A promising foreign market can
be lost irretrievably by not setting up
a foreign factory at the right time.
In 1964, Du Pont was exporting 34
million pounds of polyethylene to,
Europe, but decided not to build a
plant there. Its European sales of
polyethylene soon dropped to the
vanishing point, while its foreign

subsidiaries or affiliated companies
employing nearly 32,000 people.
Total 1974 sales outside the United
States amounted to $2.17 billion, of
which over $8oo million were U.S.
exports. As a result, at least 15,000
new jobs were created in the Unit-
ed States.
These and numerous other ex-
amples underline the fact that mul-
ti-nationals are good for the U.S.
economy, consumer and worker. A
U.S. government study covering 300
of the major multi-nationals reveals
that when these companies were rap-
idly expanding employment abroad,
they also raised their U.S. work
force at a rate of 2.7 percent a year
-well above the average growth in
American industry. At the same
time, they averaged paying their
U.S. workers substantially more per
hour than U.S: companies without
foreign operations.
This is only part of what multi-
nationals do for us. They are in the
forefront of helping the nation com-
pensate for rising costs of basic raw
materials we must import, particu-:
larly petroleum. By selling abroad,'
they earn large amounts of the for-
eign currencies we need to buy
scarce materials from other coun-
tries. In addition, in 1974 Ameri-
can companies operating abroad
returned home royalties and foreign .
earnings of $21.4 billion-three
times the outflow of dollars for new
foreign investment.
All in all, without multi-nationals
the extraordinary worldwide rise in
living standards would have been
,slowed. As U.S. Ambassador to the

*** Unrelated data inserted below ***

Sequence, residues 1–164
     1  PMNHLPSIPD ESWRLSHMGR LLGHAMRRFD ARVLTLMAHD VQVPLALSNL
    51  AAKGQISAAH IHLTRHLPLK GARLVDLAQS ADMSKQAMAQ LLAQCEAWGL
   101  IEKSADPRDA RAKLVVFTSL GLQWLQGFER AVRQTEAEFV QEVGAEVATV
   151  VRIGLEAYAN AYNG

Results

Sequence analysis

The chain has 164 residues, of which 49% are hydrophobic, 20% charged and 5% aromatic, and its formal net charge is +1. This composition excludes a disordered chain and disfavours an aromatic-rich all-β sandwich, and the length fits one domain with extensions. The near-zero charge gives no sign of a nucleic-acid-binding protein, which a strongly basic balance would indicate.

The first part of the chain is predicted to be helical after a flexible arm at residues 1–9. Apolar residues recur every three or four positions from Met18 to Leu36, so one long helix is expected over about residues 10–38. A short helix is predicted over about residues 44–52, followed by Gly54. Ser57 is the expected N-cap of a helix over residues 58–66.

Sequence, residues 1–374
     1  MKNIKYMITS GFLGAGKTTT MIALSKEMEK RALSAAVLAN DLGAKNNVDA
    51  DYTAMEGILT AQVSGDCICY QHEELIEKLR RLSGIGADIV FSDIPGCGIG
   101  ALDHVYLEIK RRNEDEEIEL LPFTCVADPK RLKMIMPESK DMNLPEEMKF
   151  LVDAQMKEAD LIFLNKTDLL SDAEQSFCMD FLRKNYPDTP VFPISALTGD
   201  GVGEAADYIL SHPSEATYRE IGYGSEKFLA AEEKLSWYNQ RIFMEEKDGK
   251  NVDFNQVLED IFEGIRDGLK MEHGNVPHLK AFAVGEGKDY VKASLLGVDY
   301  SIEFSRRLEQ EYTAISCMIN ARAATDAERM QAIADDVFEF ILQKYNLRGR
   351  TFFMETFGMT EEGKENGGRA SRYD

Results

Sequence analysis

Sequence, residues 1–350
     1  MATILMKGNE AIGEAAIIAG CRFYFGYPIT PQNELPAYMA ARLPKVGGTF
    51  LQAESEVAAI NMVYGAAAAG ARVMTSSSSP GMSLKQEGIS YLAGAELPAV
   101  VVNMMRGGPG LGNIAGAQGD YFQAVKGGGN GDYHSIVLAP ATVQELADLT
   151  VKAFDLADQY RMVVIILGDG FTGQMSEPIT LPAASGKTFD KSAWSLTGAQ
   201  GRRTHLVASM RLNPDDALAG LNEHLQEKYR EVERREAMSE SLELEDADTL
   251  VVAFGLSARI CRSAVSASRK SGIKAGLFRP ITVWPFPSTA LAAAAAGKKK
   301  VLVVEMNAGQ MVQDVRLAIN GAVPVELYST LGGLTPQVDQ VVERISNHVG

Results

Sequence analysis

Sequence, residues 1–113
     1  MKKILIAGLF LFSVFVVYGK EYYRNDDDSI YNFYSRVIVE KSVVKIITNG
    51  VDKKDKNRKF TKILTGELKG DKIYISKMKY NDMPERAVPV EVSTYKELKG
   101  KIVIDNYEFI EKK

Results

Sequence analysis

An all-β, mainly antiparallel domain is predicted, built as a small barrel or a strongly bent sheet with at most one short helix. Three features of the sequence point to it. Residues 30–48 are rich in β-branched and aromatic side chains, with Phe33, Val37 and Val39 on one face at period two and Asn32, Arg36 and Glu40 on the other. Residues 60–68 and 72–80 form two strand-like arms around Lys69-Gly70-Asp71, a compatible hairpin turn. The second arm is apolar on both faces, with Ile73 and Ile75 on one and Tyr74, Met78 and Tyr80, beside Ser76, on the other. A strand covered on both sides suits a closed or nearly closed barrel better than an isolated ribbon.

United Nations Daniel P. Moyni-
han has declared: "The multi-na-
tional corporation, which combines
modern management with liberal
trade policies, is arguably the most
creative international institution of
the 20th century."
Indeed, those countries in Europe
and Asia making the most progress
are, the ones that have encouraged
multi-nationals-theirs as well as
ours.* Despite this, the clippers are
out to shear the U.S. multi-nationals
of their foreign connections.

A while back, the hue and cry
was that multi-nationals "export
American jobs." When this proved
unfounded, critics seized upon the
issue of bribery of foreign officials
by the multi-nationals. It is true that
some U.S. corporations have been in-
volved in payoffs abroad-usually to
avoid confiscation or loss of business
to foreign competitors. This is cer-
tainly a practice contrary to good
business ethics. But unethical prac-
tices by -a few companies hardly
justify punitive tax proposals now
coming to the fore in Washington,
which. would all but put multi-
nationals out of business.
Currently, U.S. overseas businesses
pay the full 48-percent U.S. corporate
income-tax rate when they bring
home their profits after paying all
taxes in the countries where they op-
erate. These taxes generally are now
as high as ours, and companies are
allowed 'to offset them against the
taxes on foreign, but not domestic,
income that would otherwise be
paid to the U.S. Treasury. This
avoids double taxation. Foes of the
multi-nationals would have them
pay the foreign taxes and immediate-
ly give almost half of what was left
of their earnings to the U.S. Treas-
ury. This would mean an effective
tax rate of almost 75 percent. Since
no other country does this, our
multi-nationals could not survive
under the burden.
The economic effect here and
abroad of such a move is dismal to
contemplate. The value of our vast
foreign investments would be sharp-
lv 'reduced, and world trade un-
doubtedly would suffer.
As the recent global recession has
reminded us, when business turns
down, no man is an island. We must
keep in mind that multi-national
corporations are nothing more than
business organizations which make
up for the fact that raw materials,
products, services,' know-how and
labor are very unevenly distributed
over the globe. They bring together
all these economic resources to help
all people work together to create a
peaceful and prosperous world.